Experimental MS treatments and the ethical issues.

A forum to discuss Chronic Cerebrospinal Venous Insufficiency and its relationship to Multiple Sclerosis.

Experimental MS treatments and the ethical issues.

Postby concerned » Wed Nov 24, 2010 3:58 pm

CBC Interview: Experimental MS treatments and ethical issues

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Postby Cece » Wed Nov 24, 2010 4:14 pm

Controlled clinical trials are only ethical if there are good reasons to believe a new treatment is as good as -- and perhaps better than -- a standard of care. That way, doctors performing these studies do not violate their duty to advance the best interests of patients who enrol. So in the case of venous angioplasty, trials would be ethical if there is solid evidence that venous insufficiency is a plausible hypothesis. We might get this from large, well-designed observational studies of MS patients. Animal experiments could also be informative. I am not a neurologist, but my understanding is the CCSVI theory is not nailed down, and cannot account for a number of features about the course of MS.

:roll:
bring on the mice!

Seriously, currently the standard of care for venous cerebral outflow obstructions is to treat them through venoplasty. This includes jugular thrombosis, implanted-catheter-caused stenosis, AVM, etc. CCSVI would appear to have much in common with this group for which the standard of care is clear.
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Postby concerned » Wed Nov 24, 2010 4:17 pm

Except in the CCSVI group it is to relieve MS symptoms, which don't appear in any of those other cases. I don't think anyone with MS gets swollen, blue necks, which is something that happens in these other instances where people get venoplasty or stenting that you listed.
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Postby concerned » Wed Nov 24, 2010 4:19 pm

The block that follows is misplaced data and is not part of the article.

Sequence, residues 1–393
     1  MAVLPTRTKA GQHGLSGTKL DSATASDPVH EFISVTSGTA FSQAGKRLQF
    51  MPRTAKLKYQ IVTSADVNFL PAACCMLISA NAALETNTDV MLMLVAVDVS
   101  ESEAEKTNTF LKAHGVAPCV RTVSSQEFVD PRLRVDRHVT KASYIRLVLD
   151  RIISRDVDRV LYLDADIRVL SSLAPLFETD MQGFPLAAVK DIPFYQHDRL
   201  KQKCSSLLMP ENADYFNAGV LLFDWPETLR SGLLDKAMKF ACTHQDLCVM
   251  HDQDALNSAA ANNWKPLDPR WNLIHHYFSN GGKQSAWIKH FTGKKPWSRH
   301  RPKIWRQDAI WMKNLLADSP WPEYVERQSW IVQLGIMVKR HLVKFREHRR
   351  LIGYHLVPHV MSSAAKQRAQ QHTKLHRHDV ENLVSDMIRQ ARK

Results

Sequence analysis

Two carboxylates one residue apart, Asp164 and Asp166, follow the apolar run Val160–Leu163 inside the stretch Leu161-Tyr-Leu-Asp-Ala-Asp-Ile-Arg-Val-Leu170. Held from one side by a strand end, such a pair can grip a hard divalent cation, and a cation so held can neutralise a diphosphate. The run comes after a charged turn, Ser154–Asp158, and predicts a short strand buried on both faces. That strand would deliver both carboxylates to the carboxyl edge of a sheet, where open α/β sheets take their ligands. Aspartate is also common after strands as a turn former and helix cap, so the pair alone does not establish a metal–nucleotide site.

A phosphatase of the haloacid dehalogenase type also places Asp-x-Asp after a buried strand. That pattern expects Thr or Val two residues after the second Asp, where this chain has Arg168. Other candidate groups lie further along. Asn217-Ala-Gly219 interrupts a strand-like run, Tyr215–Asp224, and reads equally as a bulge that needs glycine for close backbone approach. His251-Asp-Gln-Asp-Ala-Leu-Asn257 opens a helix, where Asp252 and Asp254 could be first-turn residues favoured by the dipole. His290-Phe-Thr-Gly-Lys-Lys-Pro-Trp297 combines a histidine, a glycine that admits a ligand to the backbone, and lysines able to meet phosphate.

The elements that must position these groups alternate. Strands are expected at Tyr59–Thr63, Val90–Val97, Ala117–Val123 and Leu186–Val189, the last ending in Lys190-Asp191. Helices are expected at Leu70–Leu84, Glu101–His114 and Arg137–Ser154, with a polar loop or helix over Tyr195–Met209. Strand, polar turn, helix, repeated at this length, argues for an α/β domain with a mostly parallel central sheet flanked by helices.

Q: Some Canadian MS patients who have undergone the procedure and experienced complications have complained that doctors here have been unwilling to offer followup treatment. Could you explain the extent of a Canadian doctor's ethical obligation to treat these patients?

Doctors shouldn't ever judge their patients and treat them differently based on how they became injured. If someone gets injured in Mexico and returns to Canada for treatment, it shouldn't matter whether the injuries occurred from cliff diving, charity work or seeking non-validated treatments like venous angioplasty.

Q: Is a Canadian doctor obligated to redo a vein-opening procedure if the patient has complications?

No. A doctor would be obligated to treat the complications. However, if offering the procedure in the first place is ethically suspect, I don't see why a doctor would be obligated to provide the procedure once a patient suffers complications from it.
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Postby Cece » Wed Nov 24, 2010 4:26 pm

superior vena cava syndrome should've been on my list too. It has similar symptoms to CCSVI (cogfog, fatigue) that are relieved immediately after venoplasty.
No. A doctor would be obligated to treat the complications. However, if offering the procedure in the first place is ethically suspect, I don't see why a doctor would be obligated to provide the procedure once a patient suffers complications from it.

Such a narrow line to walk. One of the ways to treat a restenosing or clotting vein is to perform venoplasty.
Except in the CCSVI group it is to relieve MS symptoms, which don't appear in any of those other cases.

No, what I am hoping for when I receive CCSVI venoplasty is a relief of CCSVI symptoms. My worst symptom is terrible "MS" fatigue. Now I know that it may in fact be terrible CCSVI fatigue due to bilateral jugular obstructions that are, thankfully, treatable. :wink:
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Postby concerned » Wed Nov 24, 2010 4:31 pm

Cece wrote:superior vena cava syndrome should've been on my list too. It has similar symptoms to CCSVI (cogfog, fatigue) that are relieved immediately after venoplasty.


And does this cause lesions as seen in MS?
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Postby Cece » Wed Nov 24, 2010 4:33 pm

concerned wrote: